Both the BIOS and the the kernel will not knowingly allow any interrupt conflict, so how can they happen? One way is if someone has put an incorrect IRQ into a configuration file, such as giving a parameter to a module like: irq=9. In this example, suppose the irq of the device is really irq5. Then when another device driver starts up where its device is set to irq5, you have two real devices using irq5 and a real conflict. The kernel approved of letting the second device use irq5 since it erroneously thought that the first device was using irq9 and that irq5 was free.
There are other cases like this where the kernel fails to know that an irq is in use. One is when an old ISA card with an irq set by a jumper is present, but it's driver hasn't started yet (or it may not even have a driver). Another case is where the BIOS set an irq in the hardware but no linux driver for that hardware ever started and Linux doesn't know about that irq. This can happen even for a PCI card and the irq will show up in lspci -v but will not be in the /proc/interrupts directory and thus not known by the kernel. Is this a bug in the kernel?
What are the symptoms of an interrupt conflict. One might think that the devices will not work at all, but since the addresses are known, the driver does communicate. Interrupts are often used to control the flow of data to and from the device and without interrupts, flow is not controlled. This may mean buffer overruns or even no flow at all since interrupt are used to initiate flow. For a serial modem, the result is extremely slow flow with long pauses and frequent errors. For a sound card it may mean that a word or two is heard and then nothing more.
This is when a device driver starts but immediately exits in order to avoid an interrupt conflict. It should display or log an error message something like "resource busy".
One case when an ISA device is activated but can't be assigned an interrupt (IRQ) since none are available. Or an interrupt may be available, but it can't be used since the hardware of the device that needs the interrupt doesn't support the interrupt number available (or the motherboard doesn't support it due to "routing" problems, see PCI Interrupts). If the ISA devices use up all the interrupts, then one or more PCI cards may be in conflict since they can't get any IRQs.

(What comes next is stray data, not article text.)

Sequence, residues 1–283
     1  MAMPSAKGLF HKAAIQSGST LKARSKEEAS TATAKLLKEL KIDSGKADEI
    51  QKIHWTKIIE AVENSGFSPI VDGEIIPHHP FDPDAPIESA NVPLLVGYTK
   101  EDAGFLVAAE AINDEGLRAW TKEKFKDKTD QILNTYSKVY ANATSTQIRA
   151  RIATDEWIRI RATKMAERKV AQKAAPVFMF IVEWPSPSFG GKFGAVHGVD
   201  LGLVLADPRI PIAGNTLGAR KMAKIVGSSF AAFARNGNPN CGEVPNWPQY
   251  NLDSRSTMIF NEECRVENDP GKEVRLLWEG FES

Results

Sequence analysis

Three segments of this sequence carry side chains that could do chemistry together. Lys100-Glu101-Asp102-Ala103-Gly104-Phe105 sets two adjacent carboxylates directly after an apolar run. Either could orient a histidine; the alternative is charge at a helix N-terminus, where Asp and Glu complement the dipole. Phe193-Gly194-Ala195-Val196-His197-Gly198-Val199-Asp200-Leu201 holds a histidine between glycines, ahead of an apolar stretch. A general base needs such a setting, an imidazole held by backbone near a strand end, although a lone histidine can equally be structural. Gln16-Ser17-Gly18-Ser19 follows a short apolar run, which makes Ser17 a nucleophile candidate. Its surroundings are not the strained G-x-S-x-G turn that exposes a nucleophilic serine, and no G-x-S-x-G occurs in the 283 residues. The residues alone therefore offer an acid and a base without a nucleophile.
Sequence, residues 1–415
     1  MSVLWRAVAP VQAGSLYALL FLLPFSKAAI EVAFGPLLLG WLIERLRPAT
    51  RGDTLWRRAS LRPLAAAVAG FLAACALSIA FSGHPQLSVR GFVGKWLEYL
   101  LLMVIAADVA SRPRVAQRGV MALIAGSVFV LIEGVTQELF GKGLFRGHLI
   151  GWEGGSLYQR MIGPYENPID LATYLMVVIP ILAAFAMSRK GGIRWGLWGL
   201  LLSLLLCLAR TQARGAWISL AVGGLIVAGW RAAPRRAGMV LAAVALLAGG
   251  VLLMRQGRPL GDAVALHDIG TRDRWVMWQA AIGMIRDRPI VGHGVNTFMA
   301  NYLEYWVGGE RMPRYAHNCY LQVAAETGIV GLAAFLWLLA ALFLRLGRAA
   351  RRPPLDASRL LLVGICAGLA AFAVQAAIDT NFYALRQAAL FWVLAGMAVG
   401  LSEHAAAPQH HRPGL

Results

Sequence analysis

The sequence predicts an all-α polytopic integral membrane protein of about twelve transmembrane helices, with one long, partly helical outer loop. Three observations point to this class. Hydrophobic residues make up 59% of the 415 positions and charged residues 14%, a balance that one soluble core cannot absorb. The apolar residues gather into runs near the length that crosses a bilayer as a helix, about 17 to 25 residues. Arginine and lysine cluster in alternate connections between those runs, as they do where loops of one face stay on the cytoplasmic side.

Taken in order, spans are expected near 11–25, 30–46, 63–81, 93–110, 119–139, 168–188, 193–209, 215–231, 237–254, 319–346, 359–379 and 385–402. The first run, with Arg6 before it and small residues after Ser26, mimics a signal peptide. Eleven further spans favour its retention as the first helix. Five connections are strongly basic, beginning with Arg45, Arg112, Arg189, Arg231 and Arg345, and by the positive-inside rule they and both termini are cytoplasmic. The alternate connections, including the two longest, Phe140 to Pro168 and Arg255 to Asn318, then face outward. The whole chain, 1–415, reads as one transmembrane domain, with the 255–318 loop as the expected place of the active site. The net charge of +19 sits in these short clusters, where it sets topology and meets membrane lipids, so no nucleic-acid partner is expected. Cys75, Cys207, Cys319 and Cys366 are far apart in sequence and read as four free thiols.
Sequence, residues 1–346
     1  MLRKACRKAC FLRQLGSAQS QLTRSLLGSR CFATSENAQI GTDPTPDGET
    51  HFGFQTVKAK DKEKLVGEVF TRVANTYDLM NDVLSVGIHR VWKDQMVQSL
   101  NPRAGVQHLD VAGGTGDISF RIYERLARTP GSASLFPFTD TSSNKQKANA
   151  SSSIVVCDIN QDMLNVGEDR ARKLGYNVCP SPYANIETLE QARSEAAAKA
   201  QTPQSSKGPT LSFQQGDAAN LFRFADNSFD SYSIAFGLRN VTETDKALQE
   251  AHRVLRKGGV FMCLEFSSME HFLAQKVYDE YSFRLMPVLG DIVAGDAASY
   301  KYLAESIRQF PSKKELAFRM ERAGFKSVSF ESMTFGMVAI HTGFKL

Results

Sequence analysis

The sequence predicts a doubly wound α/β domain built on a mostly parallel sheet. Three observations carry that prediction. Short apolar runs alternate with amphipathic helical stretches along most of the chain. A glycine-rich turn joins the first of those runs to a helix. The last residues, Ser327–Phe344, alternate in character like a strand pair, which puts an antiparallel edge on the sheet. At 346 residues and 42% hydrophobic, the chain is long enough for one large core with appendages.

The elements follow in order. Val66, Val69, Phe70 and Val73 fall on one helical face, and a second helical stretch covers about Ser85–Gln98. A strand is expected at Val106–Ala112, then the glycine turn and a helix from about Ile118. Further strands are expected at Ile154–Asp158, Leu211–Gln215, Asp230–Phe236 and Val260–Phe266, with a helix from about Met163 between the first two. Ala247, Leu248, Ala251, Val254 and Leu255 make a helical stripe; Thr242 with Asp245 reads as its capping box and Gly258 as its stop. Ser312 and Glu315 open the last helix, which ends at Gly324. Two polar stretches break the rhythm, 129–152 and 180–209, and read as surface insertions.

Normally, the BIOS will assign interrupts and will not create conflicts. But it may be forced to create conflicts if it runs out of IRQs. This can happen if someone has set up the BIOS to reserve certain IRQs for legacy ISA devices that are not PnP. These settings may be wrong and should be checked out, especially if you're having problems. For example, someone may have reserved an IRQ for an ISA card that has long since been removed from the PC. If you unreserved this IRQ then this IRQ is available and and conflict disappears.
Sometimes the BIOS will solve the problem of an IRQ shortage by using what it calls IRQ 0. There is no such IRQ available since the real IRQ 0 is permanently assigned to the computer's timer. But IRQ 0 here means that the driver should use polling instead of IRQs. This means that the driver frequently checks the device (polls it) to see if the device needs servicing by the interrupt service routine. Of course, this wastes computer time and there's more likelihood of a buffer overrun inside a device since it might not get serviced by the driver promptly enough.